A Prince George's County judge yesterday cleared the way for the trial of a $3.25 million malpractice suit filed against Prince George's General Hospital by a man whose prematurely born child became blind after receiving too much oxygen in an incubator.

The child, Christina M. Moore of New Carrollton, is now 9 years old and a student at Maryland School for the Blind in Baltimore.

The suit, which names the county, the hospital and four physicians, alleges that the physicians permitted Moore to receive too much oxygen while in her incubator, causing hemorrhages in the retina of her eye. The hemorrhages, in turn, caused scarring of the retina that gradually resulted in blindness, according to a deposition filed in court.

The suit charges that the doctors failed to monitor the oxygen level in the incubator as frequently as they should have.

Hospital administrators Robin Hagaman and Fred Cyran refused to comment on the case, but James P. Salmon, the lawyer for the county and for one of the physicians named in the suit, said yesterday he will argue that the county was not negligent in its treatment of the child. "If the oxygen had not been administered, the baby's life would have been in jeopardy," Salmon said.

Physicians contacted by Andrew E. Greenwald, the attorney for Joseph Moore, Christina's father, allege in letters filed in court that the infant needed oxygen only occasionally to combat "recurrent periods of respiratory arrest," and that the amount of oxygen she received should have been monitored by a physician on an hourly basis.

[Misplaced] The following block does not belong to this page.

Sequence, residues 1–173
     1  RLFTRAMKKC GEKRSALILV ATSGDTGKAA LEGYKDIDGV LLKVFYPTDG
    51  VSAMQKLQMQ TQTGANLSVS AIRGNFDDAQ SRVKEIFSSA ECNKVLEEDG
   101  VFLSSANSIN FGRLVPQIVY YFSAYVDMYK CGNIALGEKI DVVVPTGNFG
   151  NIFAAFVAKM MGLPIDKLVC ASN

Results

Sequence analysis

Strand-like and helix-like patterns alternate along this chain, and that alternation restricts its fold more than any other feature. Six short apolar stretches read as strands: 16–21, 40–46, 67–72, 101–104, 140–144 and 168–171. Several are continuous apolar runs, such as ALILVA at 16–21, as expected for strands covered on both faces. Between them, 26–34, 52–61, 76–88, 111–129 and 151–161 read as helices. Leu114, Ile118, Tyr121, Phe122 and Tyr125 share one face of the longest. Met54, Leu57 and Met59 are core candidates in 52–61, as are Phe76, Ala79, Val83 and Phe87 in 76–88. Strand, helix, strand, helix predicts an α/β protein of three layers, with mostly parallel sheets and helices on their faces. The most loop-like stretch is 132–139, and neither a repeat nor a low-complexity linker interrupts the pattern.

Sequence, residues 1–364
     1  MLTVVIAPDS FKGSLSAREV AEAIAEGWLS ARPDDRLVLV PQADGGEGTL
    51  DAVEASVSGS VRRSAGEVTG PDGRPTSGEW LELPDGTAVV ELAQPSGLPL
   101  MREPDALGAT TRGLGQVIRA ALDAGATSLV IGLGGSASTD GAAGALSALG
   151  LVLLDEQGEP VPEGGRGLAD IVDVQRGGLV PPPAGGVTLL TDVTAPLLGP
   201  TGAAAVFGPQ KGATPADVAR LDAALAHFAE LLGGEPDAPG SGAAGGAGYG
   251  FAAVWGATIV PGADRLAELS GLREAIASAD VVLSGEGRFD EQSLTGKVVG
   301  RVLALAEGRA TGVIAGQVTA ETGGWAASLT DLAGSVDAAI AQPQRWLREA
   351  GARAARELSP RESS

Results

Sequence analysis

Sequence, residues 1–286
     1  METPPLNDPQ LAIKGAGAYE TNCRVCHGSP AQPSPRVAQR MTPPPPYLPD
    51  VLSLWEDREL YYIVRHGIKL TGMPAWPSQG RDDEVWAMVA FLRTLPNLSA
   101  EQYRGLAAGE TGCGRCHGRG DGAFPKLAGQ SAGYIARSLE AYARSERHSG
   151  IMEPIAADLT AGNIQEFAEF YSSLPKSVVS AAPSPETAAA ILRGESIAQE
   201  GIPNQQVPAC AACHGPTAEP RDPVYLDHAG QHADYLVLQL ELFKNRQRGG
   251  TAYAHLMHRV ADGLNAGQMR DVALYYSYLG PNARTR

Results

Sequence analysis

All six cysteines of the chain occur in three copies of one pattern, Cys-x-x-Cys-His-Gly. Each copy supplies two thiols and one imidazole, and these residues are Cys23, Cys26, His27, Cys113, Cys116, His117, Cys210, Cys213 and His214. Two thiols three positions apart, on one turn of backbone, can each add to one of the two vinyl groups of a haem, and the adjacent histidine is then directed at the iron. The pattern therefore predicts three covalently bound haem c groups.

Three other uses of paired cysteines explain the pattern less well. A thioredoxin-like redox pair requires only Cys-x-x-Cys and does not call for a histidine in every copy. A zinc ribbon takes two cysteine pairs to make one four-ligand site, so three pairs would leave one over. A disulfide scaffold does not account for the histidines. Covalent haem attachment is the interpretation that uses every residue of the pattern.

"The record gives no evidence that physicians in charge were aware of, let alone ordered" oxygen to be administered to the child at the levels she actually received, wrote Dr. Charles Kennedy, professor of pediatrics at Georgetown University Hospital.

Another physician, Dr. Donald Levitt, wrote that Christina Moore probably did not need oxygen at all.

The four physicians named in the suit are Reza M. Morifar, of Fairfax, Karakat S. Gohulanthan and Indira Gohulanthan, both of Seabrook, Md., and Mary Kay Sartwell of Silver Spring.

The county and the hospital sought yesterday to have the suit dismissed on the grounds that the family had failed to notify them of the child's problem soon enough after the incident. Judge Howard S. Chasanow denied the hospital's motion and set a trial date for May.